Ironically, from its inception, Kerrygold, was designed more for mass-marketing than feeding the indigenous Irish. Kerrygold was named and promoted from the start to be an exported product.
It was “born” on October 8, 1962 in Manchester, England. It was sold in Ireland and England primarily, with an eye on expanding to the European markets. The global domination of Kerrygold ended up being a fluke of timing and tastes. Years ago, eating plain butter would have been perceived as primitive and unhealthy, anyone who ate anything that didn’t contain about thirteen unpronounceable chemicals just didn’t care about themselves.
It is now the number one butter in Germany. It is sold in sixty other countries around the world. It is second only to Land O’Lakes in the US. While Kerrygold is a little more expensive, it packs a flavor punch that allows you to use a little less.
Meanwhile, the American farmers were caught napping on this front. They did not awaken with smiles on their faces ready to embrace the Irish immigrant. America’s dairy heartland, Wisconsin, has banned Kerrygold based on some nonsense that they are not completely truthful about the “grassfed cows,” because sometimes the cows eat other stuff too.
This is not so much a trade war as an attempt to ban Kerrygold from crossing its borders. Let me know how that works. The Irish Mafia is probably already at work smuggling the gold stuff into Kenosha. The people of Wisconsin want their butter and if America wants to compete here they need their own grass-fed cows. This stuff is more addictive than any moonshine I’ve ever tasted. Even Martha Stewart and the Barefoot Contessa, Ina Garden are hooked.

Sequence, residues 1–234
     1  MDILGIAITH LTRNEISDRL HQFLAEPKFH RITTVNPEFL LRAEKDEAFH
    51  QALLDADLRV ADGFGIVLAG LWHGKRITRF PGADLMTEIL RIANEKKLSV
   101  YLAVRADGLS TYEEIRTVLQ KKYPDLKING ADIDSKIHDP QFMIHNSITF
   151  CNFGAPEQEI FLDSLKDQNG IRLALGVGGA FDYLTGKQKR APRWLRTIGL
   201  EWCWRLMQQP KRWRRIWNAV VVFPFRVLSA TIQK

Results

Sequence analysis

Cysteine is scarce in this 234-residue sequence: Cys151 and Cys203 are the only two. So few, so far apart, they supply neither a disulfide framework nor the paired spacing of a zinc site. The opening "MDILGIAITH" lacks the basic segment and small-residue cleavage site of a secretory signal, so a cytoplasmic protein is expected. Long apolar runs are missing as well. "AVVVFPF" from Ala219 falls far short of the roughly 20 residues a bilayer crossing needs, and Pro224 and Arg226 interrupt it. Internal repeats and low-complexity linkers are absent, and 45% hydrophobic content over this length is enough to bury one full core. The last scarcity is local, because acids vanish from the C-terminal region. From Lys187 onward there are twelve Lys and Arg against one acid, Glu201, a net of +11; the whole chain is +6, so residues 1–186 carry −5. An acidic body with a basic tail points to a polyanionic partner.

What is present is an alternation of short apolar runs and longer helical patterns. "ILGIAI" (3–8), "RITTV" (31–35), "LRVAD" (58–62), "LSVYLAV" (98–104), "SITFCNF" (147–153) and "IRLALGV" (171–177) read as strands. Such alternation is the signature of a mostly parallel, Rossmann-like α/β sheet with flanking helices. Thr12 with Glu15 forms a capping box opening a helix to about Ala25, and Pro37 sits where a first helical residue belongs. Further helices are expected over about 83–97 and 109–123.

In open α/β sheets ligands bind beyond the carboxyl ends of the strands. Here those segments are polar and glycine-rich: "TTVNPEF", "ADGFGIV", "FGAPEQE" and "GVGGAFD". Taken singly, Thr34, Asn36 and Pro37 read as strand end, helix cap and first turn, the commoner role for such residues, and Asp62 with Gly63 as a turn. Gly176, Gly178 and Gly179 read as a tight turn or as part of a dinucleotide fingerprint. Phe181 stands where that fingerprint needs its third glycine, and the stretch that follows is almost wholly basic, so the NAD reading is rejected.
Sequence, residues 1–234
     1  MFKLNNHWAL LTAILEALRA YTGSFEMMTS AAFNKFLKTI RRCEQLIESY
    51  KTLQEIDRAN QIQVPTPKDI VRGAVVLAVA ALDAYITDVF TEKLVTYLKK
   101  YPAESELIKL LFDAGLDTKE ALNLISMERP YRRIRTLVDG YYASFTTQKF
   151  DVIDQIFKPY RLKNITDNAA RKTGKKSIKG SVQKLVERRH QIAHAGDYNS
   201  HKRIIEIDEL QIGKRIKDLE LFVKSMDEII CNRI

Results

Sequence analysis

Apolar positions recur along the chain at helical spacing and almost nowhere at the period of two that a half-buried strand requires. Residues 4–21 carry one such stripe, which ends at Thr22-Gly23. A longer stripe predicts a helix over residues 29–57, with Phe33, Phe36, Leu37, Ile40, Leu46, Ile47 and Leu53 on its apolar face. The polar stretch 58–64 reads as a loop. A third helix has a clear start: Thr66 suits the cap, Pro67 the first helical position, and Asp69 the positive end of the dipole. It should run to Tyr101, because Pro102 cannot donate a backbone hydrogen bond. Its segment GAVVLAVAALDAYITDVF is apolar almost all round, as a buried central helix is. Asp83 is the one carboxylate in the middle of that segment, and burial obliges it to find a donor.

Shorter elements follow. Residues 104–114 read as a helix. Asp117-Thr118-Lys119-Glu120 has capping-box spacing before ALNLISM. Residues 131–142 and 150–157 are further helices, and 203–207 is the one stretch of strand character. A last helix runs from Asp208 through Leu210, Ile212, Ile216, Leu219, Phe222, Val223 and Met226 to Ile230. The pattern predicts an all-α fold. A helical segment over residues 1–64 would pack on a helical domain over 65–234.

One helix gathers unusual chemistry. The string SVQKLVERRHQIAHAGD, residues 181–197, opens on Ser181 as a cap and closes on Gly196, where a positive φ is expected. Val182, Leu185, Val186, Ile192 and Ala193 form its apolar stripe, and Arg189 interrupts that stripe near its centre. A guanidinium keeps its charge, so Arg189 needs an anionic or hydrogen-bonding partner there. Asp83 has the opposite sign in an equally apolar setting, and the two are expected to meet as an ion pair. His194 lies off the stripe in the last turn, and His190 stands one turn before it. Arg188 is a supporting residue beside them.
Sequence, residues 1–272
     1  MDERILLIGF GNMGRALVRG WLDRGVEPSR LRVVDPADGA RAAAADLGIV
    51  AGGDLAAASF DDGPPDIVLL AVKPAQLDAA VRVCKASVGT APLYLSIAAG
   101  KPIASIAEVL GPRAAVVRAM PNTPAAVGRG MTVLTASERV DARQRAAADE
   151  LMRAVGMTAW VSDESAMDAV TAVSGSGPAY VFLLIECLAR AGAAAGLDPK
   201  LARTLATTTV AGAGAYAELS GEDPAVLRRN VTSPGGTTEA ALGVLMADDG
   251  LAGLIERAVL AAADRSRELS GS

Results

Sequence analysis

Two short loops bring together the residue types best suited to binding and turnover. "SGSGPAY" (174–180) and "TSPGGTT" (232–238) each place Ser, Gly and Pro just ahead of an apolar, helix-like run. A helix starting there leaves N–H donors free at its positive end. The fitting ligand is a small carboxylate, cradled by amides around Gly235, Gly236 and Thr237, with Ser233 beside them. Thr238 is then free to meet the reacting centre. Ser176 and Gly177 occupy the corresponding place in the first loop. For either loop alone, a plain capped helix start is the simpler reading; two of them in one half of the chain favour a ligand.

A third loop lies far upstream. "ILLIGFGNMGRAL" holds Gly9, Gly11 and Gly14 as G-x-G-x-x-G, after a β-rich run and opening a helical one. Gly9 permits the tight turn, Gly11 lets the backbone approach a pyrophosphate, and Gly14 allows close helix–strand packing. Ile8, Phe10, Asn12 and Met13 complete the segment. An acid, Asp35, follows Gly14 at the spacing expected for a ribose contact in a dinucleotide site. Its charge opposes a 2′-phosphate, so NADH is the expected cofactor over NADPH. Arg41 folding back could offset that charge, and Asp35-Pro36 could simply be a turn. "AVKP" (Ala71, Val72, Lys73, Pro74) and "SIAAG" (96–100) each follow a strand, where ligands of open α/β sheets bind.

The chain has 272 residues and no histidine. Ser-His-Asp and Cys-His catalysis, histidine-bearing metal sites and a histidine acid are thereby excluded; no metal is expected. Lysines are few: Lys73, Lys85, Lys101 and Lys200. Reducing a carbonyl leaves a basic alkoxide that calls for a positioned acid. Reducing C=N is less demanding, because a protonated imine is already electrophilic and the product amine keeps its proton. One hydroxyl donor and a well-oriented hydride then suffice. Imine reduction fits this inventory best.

It’s even being abused! There is some type of strange cult of people who use the butter to make something that they call bulletproof coffee. Who outside of a Weight Watchers meeting would order a hit on butter-laced coffee? The answer is the Keto diet fans who claim that mixing coffee with butter gives your day a healthy boost; the bulletproof is how you feel after consumption, not how the coffee needs to be.
I am all for feeling good, but a buttery croissant is more appealing than buttery coffee. The recipe for the bullet proof butter runs as follows: quality coffee, coconut oil and you guessed it, butter from grass fed cows. Hmm, what could that be? Fans of the recipe swear that it triggers weight loss and boosts cognitive functioning.
If you aren’t a Kerrygold fan already, the Thanksgiving feast is a great time to try it. Maybe not in everything you make, but maybe at least on your table. You could put an ol’ half-pounder out. Once you start, you can’t go back…..
Don’t Forget, Send Lisa (firstname.lastname@example.org) and John (email@example.com) your Akron area Irish events news and pics so we can let everyone know. Deadline is 10thof the month, for the following month, so Jan 10 for February issue., etc …
*Lisa O’Rourke is an educator from Akron. She has a BA in English and a Master’s in Reading/Elementary Education. Lisa is a student of everything Irish, primarily Gaeilge. She runs a Gaeilge study group at the AOH/Mark Heffernan Division. She is married to Dónal and has two sons, Danny and Liam. Lisa enjoys art, reading, music, and travel. She enjoys spending time with her dog, cats and fish. Lisa can be contacted at firstname.lastname@example.org.